Rating: 4 stars
Cornelius Washington is not a typical subject for nonfiction picture books. He was a garbage man in the French Quarter in New Orleans before and when Hurricane Katrina hit in 2005. He once was written about in the Times-Picayune and described as "a wizard of trash cans."
Cornelius did his job as a garbageman, usually thought of as nasty but necessary, with flair. He seemed to have fun with it, but also take it very seriously. The people in the Quarter knew him and waved as Cornelius danced with lids, threw trash bags into formation, and kept the streets "sparkling."
When Hurricane Katrina hit, Cornelius was devastated to see the city he loved so devastated. Water flooded the city; the city was "a gumbo of mush and mud." New Orleans was destroyed. Cornelius was overwhelmed with the amount of work to do--there was so much to clean up and rebuild. Cornelius, like many others, dried his eyes and got to work. The same people who waved to him weeks and months and years before pitched in to help--the people of New Orleans all helped. And others from far away came to help, too.
(He leaves out the looting and lawlessness--probably a good idea for this age group.)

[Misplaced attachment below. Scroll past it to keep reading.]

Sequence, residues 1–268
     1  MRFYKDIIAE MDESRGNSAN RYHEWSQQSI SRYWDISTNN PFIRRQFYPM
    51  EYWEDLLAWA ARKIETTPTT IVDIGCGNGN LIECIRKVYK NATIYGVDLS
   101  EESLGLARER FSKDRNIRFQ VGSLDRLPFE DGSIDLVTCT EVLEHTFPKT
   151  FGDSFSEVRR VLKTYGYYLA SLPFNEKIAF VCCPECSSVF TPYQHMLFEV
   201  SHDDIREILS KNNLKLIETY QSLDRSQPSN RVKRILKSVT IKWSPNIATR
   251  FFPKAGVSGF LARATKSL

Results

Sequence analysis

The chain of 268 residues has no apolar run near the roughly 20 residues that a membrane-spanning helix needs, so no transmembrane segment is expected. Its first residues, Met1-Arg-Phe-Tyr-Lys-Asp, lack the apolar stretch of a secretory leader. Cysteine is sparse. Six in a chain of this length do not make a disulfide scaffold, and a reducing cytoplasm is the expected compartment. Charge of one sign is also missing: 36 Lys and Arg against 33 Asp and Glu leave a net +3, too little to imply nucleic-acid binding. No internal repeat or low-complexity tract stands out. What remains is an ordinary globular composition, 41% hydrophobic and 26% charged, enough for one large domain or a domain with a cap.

The story ends the way all picture books do: happily. The city is rebuilt to its former glory in a couple dozen pages. Even though Cornelius Washington passed away soon after Katrina, Bildner writes that he symbolizes the spirit of New Orleans--the determination, flair, and friendliness that will always be a part of the city.
Without getting too stuck in the murkiness of history, I think Bildner does a great job of shining the spotlight on a person who doesn't normally show up in picture books. The quotation at the beginning of the book by Martin Luther King, Jr., sets the scene well:
Even if it's called your lot to be a street sweeper, go out and sweep streets like Michelangelo painted pictures, sweep streets like Handel and Beethoven composed music, sweep streets like Shakespeare wrote poetry. Sweep streets so well that all the hosts of heaven and earth will have to phase and say, "Here lived a great street sweeper who swept his job well."Whatever you are, do it well. And Cornelius seems to have done this.
I think it's important to note that Phil Bildner admits to taking some liberty with the true story of Cornelius. He first becomes interested in Cornelius because he sounded like a legend, like a myth, like a story from the American folk tradition. He admits to exaggerating the facts he has about Cornelius in order to carry on the spirit of his story. I hope Cornelius' surviving family supports the book.